There’s an interesting nugget buried in the Washington Post account of the contentious meeting yesterday between President Bush and moderate congressional Republicans:
The House members pressed Bush and Gates hard for a “Plan B” if the current troop increase fails to quell the violence and push along political reconciliation. Davis said that administration officials convinced him there are contingency plans, but that the president declined to offer details, saying that if he announced his backup plan, the world would shift its focus to that contingency, leaving the current strategy no time to succeed.
I don’t recall seeing any such acknowledgment of a “Plan B” before, but now that they have made it clear that there is one, I expect Republicans and Democrats alike are soon going to demand to know: What is it?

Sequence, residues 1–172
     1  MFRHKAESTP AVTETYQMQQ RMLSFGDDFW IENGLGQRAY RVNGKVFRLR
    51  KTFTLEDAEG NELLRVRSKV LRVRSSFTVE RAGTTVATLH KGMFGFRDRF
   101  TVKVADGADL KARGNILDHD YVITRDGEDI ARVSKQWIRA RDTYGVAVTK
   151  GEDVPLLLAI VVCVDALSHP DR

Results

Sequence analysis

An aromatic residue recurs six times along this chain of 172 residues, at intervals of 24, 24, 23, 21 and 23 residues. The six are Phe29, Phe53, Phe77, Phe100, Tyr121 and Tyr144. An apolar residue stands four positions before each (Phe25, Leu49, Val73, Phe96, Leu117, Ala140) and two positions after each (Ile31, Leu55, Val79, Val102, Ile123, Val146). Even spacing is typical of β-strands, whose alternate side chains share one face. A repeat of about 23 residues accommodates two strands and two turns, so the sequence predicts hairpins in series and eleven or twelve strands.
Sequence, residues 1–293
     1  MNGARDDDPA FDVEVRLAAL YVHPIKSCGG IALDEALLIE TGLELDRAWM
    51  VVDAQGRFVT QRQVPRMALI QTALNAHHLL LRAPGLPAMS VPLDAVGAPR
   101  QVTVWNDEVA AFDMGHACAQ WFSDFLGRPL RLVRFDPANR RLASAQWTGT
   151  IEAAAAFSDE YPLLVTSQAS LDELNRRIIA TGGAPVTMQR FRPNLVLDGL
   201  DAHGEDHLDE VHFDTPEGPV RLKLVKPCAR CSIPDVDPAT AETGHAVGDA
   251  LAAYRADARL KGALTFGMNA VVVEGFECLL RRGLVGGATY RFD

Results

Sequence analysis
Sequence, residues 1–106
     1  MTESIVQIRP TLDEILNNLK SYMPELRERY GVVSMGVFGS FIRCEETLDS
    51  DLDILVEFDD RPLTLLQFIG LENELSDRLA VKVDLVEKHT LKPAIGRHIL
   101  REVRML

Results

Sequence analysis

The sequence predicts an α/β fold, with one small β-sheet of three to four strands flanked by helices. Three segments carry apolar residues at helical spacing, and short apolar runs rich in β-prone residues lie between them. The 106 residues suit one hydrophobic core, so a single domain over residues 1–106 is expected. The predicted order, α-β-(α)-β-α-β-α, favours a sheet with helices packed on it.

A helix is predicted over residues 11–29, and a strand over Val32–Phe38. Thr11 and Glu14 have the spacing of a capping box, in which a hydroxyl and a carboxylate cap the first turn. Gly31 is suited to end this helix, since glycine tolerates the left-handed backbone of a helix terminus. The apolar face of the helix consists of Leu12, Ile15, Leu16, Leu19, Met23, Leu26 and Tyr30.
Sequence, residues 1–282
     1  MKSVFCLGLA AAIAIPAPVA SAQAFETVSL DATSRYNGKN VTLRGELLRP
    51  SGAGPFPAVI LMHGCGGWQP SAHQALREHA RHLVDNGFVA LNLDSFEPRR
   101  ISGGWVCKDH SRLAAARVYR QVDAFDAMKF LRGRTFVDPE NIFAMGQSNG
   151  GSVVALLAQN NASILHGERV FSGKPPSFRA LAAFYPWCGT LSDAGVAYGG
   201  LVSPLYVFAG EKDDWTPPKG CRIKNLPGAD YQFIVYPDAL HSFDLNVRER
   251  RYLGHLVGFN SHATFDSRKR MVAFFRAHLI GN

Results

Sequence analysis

UPDATE: The President says he would be willing to accept benchmarks. But there may be less there than meets the eye, as he still hasn’t said he would allow benchmarks that are tied to actual consequences:
He has insisted, however, that any benchmarks would not be linked to the withdrawal of American troops from Iraq or cutbacks in aid to the Baghdad government.
UPDATE OF THE UPDATE: So many commenters offered their own candidates for “Underplayed News of the Day,” maybe we should make it a regular feature here in the Swamp. Good idea?